Colorado Springs News, Sports & Business

OBIT, Robert McIntyre, 83: Eye behind the lens at Broadmoor

WAYNE HEILMAN Updated: March 21, 2011 at 12:00 am

Robert McIntyre, who photographed presidents, athletes and Hollywood celebrities at The Broadmoor hotel for more than 50 years, died suddenly March 13 at his home. He was 83.

About 150 of his best-known photographs are displayed in Broadmoor West, including one of Bob Hope trying to use body language to sink a putt on one of The Broadmoor’s courses and another of entertainer Liberace winking at the camera. McIntyre took golf legend Jack Nicklaus on a fishing trip in 1959 just before Nicklaus won the U.S. Amateur Championship, was a friend and regular fishing partner with Broadmoor patriarch William Thayer Tutt and socialized with many of the city’s power brokers.

“He was a legend at the hotel,” said Broadmoor President Steve Bartolin. “He was a key part of and documented the hotel’s history. He took the last photo of the U.S. Figure Skating Team before they lefton the flight that crashed in Brussels and he took a photo of a couple on their honeymoon at The Broadmoor and again on their 50th wedding anniversary when they came back here. I don’t know of another hotel where that has happened.”

McIntyre was a third-generation Colorado Springs resident, born Jan. 4, 1928, the son of Harry and Ada McIntyre. He graduated from Colorado Springs (now Palmer) High School in 1947 and was a veteran of the Korean War, serving in Japan. After he was hired by The Broadmoor, McIntyre took his first celebrity photo of radio newsman and Victor native Lowell Thomas and went on to photograph seven presidents, actors Henry Fonda and Jimmy Stewart, pianist Van Cliburn and entertainer Victor Borge.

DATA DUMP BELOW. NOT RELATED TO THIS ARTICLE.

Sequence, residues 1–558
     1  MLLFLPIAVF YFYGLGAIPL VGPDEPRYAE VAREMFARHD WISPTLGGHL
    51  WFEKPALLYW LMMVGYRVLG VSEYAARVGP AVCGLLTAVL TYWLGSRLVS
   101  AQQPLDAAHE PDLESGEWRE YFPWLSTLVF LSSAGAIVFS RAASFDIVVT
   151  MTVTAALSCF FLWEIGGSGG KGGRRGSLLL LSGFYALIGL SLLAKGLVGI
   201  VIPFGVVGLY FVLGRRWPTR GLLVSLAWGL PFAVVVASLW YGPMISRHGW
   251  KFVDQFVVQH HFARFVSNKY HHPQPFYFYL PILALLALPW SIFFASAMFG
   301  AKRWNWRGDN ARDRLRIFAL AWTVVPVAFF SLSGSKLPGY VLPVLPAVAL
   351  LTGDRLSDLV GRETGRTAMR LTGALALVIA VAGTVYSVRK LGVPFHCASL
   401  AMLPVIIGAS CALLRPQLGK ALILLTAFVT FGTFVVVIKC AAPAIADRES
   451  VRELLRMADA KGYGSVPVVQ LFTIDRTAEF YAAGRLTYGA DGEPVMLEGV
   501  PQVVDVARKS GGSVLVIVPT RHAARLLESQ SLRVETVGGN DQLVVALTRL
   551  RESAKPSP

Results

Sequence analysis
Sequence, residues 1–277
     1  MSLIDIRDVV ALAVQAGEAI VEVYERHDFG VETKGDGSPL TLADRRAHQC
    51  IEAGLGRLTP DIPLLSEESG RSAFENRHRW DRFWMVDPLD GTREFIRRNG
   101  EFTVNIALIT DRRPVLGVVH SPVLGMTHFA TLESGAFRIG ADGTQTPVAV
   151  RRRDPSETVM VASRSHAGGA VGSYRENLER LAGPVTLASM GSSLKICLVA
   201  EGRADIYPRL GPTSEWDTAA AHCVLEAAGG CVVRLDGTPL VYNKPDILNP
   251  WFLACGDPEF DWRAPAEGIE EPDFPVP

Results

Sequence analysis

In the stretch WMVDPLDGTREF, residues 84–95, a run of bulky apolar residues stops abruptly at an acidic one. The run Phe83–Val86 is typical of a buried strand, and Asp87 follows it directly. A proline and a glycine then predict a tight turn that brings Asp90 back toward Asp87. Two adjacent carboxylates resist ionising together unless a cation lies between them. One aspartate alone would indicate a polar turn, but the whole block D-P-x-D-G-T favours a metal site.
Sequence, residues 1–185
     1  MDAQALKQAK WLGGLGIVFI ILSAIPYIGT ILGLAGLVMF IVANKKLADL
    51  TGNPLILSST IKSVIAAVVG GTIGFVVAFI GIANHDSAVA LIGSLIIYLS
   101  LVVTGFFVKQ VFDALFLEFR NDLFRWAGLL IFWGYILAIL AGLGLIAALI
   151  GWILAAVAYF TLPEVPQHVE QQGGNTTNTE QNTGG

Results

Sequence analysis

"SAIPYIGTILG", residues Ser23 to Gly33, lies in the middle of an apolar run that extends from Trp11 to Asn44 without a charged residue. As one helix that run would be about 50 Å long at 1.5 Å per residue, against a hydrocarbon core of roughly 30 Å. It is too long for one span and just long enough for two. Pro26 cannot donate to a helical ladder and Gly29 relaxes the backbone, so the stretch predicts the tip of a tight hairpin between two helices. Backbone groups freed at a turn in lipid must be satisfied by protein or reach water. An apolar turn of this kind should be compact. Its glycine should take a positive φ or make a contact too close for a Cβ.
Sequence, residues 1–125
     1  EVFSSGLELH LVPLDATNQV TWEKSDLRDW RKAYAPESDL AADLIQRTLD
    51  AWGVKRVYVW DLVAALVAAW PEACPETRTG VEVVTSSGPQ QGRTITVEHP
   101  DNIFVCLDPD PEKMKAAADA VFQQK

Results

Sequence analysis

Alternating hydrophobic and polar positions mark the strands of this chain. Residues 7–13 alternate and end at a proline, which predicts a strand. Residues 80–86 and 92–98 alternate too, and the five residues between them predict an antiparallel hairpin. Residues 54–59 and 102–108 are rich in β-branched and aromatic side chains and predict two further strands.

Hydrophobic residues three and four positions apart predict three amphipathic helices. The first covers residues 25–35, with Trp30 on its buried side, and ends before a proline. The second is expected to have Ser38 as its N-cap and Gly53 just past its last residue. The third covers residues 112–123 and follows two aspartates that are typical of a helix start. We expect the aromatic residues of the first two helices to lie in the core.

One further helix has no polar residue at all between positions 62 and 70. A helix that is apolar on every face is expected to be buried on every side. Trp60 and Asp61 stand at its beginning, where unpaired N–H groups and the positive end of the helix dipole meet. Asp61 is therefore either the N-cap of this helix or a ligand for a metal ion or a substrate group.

McIntyre’s photographs were published in Life, Look and Sports Illustrated magazines as well as the New York Times and Washington Post. He also was known for his panoramic landscape photographs of the American Southwest, including Monument Valley in Arizona and Utah. He donated many of his photographs and negatives to the Pikes Peak Library District, where they are part of its special collections; 64 of his most famous photographs are displayed on the district’s website, www.ppld.org.

“The thing I respected so much about my dad is that he found his passion early and found a place to pursue it at The Broadmoor,” said his daughter, Julie McIntyre, who with her sister, Jennifer McIntyre, continues the family tradition of offering photography services to Broadmoor guests through the business their father started, McIntyre Photography. “Even to the end, he continued to follow his passion by taking a point-and-shoot camera with him when he went hiking. He had a great eye for landscapes.”

A celebration of McIntyre’s life is planned from 5-7 p.m. April 6 at Broadmoor West, 75 El Pomar Road. Online condolences can be left at www.legacy.com/obituaries/gazette/obituary.aspx?n=robert-e-mcintyre&pid=149451664 or at www.bluntmortuary.org.

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